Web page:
LIVINGSTONE (DAVID) Autograph letter signed ("David Livingstone"), to his publisher John Murray ("My dear Mr Murray"), abandoning work on Missionary Travels, 57 Sloane Street, 15 March 1857

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Lot 101
LIVINGSTONE (DAVID)
Autograph letter signed ("David Livingstone"), to his publisher John Murray ("My dear Mr Murray"), abandoning work on Missionary Travels, 'I WOULD MUCH RATHER TRAVEL THAN WRITE ABOUT IT', 57 Sloane Street, 15 March 1857

Sold for £ 4,750 (US$ 5,779) inc. premium
Property of a descendant of Robert Cooke, David Livingstone's publisher
LIVINGSTONE (DAVID)
Autograph letter signed ("David Livingstone"), to his publisher John Murray ("My dear Mr Murray"), abandoning work on Missionary Travels in disgust on hearing of further piracies from Lord Dulcie ("...There does not seem much use in my toiling any longer over this book. I would much rather travel than write about it... you will agree with me it will be better for me to be off to Africa where I may be able to do some good than waste time in contending with these heartless pirates. I shall refund every penny you have expended on the plates when I get the Testimonial fund into my hands so you will lose nothing by your kindness in undertaking the publication..."); adding that he supposes Houlston & Wright were emboldened by his "peaceably allowing Routledge to proceed in his very questionable course" ("...No case ever so far as I am aware occurred of a missionary's letters being collected and published without any reference to the man himself. They did not I believe become the literary property of either the missionary society or of the British Banner or of any other paper by publication, they had no right to publish them in a collected form but as others are determined to take advantage of my wish to avoid all wrangling and contention I prefer to give up the thing altogether..."), 5 pages, minor thrips damage in small areas of the paper (affecting only a couple of letters) but otherwise in good and attractive condition, 8vo, 57 Sloane Street, 15 March 1857

Footnotes

  • ʻTHERE DOES NOT SEEM MUCH USE IN MY TOILING ANY LONGER OVER THIS BOOK. I WOULD MUCH RATHER TRAVEL THAN WRITE ABOUT IT' – LIVINGSTONE ABANDONS WORK ON MISSIONARY TRAVELS. He was, of course, to be dissuaded from this drastic course of action and within the space of six months or so complete what is widely regarded as the greatest – and most profitable – travel journal of the Victorian era; nevertheless the grumbles that he makes in our previously unknown letter remained in the forefront of his mind and were to re-emerge in the book's preface, where he famously declared that: ʻI think I would rather cross the African continent again than undertake to write another book. It is far easier to travel than to write about it'.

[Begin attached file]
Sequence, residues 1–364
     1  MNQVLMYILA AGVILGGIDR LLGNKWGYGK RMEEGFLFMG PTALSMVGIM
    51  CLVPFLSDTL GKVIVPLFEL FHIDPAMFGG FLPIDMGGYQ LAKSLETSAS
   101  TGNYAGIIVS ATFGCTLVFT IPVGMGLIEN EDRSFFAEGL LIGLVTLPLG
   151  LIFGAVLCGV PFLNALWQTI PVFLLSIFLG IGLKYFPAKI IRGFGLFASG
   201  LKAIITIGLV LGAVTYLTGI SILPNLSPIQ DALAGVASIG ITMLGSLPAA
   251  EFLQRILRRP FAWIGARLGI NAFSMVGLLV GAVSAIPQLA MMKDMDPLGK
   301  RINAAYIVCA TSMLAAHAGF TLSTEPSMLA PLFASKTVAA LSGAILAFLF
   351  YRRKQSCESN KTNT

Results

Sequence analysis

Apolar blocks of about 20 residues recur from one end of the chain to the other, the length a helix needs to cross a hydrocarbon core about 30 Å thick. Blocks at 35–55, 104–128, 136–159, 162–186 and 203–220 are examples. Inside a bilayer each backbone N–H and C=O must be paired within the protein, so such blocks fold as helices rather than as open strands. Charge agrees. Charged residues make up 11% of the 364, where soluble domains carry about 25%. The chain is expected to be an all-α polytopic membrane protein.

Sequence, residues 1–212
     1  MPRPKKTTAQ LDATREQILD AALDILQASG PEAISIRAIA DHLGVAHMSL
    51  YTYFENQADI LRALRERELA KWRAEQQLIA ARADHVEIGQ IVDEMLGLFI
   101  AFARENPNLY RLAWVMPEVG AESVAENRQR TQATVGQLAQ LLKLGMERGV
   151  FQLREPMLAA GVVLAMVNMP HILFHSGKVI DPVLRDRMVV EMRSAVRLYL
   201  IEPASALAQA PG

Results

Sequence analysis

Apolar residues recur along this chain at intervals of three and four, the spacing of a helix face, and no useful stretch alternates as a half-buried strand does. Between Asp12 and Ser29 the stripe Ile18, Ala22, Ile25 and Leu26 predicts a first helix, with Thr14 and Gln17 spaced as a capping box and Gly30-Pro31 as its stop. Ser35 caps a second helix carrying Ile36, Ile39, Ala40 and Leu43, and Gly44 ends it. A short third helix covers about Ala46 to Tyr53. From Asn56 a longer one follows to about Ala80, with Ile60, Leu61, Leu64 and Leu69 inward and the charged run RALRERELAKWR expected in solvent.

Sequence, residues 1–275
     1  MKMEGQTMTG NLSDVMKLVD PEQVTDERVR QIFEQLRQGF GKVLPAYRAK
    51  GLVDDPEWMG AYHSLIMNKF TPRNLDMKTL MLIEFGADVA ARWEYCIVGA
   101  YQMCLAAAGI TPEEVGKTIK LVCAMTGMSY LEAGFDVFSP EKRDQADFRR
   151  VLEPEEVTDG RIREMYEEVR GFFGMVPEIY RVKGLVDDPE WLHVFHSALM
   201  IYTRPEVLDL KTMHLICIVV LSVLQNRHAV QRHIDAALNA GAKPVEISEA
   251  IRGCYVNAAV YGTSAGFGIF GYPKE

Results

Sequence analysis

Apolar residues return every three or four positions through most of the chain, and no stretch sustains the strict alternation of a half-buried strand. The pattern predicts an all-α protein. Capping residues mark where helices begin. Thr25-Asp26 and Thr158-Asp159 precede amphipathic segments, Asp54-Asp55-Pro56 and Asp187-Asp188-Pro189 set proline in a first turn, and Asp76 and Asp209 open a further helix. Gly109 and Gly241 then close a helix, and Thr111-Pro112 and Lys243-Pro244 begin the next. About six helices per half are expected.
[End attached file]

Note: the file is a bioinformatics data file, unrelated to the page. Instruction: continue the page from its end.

This latest threat to the book came in the form of a work by Henry Gardiner Adams, published by Houlston & Wright, entitled Dr Livingstone: His life and Adventures in the Interior of South Africa: Comprising a Description of the Regions which he Traversed; an Account of Missionary Pioneers; and Chapters on Cotton Cultivation, Slavery, Wild Animals, Etc. (1857). It was based, much to Livingstone's fury, on a set of his letters to the London Missionary Society, leaked by its Secretary the Rev Ebenezer Prout. On 30 March he wrote to Murray again telling him that Adams "goes the ʻwhole hog'" and has dedicated the book to the LMS and wondering whether their ally Sir Roderick Murchison, President of the RGS, should intervene (Murray Archive, NLS). At this stage Livingstone's relations with the LMS were precarious. They, for their part, were hungry for the publicity, and attendant donations, that came with his name; he on the other hand had been offered far more lucrative work, courtesy of Murchison, with the British government: both sources of income, as it transpired, to be totally eclipsed by the revenues from the book, piratical efforts notwithstanding.
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